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April 07, 2012 11:02 PM UTC

Women Drive Facebook's Growth, But Can't Get a Seat on the Board

  • by: ProgressiveCowgirl

(I’m in Colorado and I’m a woman… – promoted by Pita)

As Facebook prepares to go public, 58% of its users lack representation on the world’s largest social network’s executive board. In addition to comprising most of its user base, women are responsible for 62% of sharing through Facebook network. Despite the importance of women to Facebook’s success, there’s still not a single woman on the board, a fact that has prompted new pro-equality organization UltraViolet to circulate a petition demanding diversity on the all-male BoD.

Despite having the well-respected and overtly pro-equality Sheryl Sandberg as second in command, Facebook remains behind the curve on women’s issues.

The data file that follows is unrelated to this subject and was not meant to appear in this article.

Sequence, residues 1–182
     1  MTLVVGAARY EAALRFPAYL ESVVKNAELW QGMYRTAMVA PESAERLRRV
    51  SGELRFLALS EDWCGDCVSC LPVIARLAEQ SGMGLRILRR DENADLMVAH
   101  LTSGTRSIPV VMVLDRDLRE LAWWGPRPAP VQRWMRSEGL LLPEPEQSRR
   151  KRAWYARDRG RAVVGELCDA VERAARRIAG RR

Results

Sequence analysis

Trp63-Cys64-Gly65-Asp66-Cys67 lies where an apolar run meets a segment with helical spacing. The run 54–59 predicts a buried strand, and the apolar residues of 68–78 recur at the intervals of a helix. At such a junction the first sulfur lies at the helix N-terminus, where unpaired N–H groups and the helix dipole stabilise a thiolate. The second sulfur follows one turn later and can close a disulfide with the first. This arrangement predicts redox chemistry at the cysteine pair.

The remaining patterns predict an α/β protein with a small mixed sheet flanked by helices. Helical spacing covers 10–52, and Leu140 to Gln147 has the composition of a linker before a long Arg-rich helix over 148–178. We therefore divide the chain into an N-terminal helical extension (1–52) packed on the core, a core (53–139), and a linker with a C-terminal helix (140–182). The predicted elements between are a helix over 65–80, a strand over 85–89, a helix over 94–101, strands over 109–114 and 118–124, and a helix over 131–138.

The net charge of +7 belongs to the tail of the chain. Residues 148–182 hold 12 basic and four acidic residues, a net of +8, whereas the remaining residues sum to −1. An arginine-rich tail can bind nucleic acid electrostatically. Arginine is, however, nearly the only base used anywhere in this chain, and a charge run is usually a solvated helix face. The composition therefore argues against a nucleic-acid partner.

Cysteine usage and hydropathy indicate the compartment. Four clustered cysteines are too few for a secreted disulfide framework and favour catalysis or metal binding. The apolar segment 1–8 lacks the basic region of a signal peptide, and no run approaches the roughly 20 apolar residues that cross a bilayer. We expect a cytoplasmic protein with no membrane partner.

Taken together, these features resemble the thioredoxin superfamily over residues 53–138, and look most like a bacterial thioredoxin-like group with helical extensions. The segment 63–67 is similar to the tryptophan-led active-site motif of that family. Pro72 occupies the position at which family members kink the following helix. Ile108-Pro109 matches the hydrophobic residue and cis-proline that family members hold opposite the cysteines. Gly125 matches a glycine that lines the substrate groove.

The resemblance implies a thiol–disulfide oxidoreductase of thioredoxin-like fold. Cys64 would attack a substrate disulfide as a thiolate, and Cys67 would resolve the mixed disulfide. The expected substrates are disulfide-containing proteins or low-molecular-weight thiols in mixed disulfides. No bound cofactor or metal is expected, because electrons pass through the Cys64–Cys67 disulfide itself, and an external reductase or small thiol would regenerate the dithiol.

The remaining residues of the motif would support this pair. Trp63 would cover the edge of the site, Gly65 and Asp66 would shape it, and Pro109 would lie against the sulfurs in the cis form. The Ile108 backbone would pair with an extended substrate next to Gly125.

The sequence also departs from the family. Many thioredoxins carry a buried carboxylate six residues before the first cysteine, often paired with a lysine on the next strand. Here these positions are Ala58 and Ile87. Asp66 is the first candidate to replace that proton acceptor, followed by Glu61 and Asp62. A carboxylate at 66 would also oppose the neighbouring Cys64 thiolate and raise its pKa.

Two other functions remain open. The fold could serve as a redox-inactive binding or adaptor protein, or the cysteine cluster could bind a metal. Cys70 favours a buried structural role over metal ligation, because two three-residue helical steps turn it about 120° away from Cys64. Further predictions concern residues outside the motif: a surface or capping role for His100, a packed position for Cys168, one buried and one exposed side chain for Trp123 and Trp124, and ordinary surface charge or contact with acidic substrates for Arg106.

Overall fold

For instance, after years of complaints from mothers and their advocates, Facebook still sometimes suspends the accounts of women who post breastfeeding photos. It’s not hard to tell the difference between pornography and feeding an infant, but apparently the distinction frequently escapes Facebook’s content moderation staff. Of course, that staff is allegedly paid $1 per hour to remove offensive images like “camel toes.” (Of course, post a picture of Michael Phelps in a Speedo, and you’re in the clear–only the outlines of female genitals are obscene!)

Facebook’s failure to protect 58% of its users doesn’t stop there. Despite Terms of Use that already prohibit “hateful, threatening” content, Facebook often won’t remove pro-rape pages, and refuses to explicitly state that Facebook prohibits pages condoning sexual violence. In fact, Facebook has actually defended such pages as nothing more than “pub jokes.” I don’t know about you, but my gentlemen friends would have words–if not more–with any fellow in a pub who said something about, “Kicking Sluts in the Vagina,” the actual title of a Facebook page left live for months after initial complaints surfaced.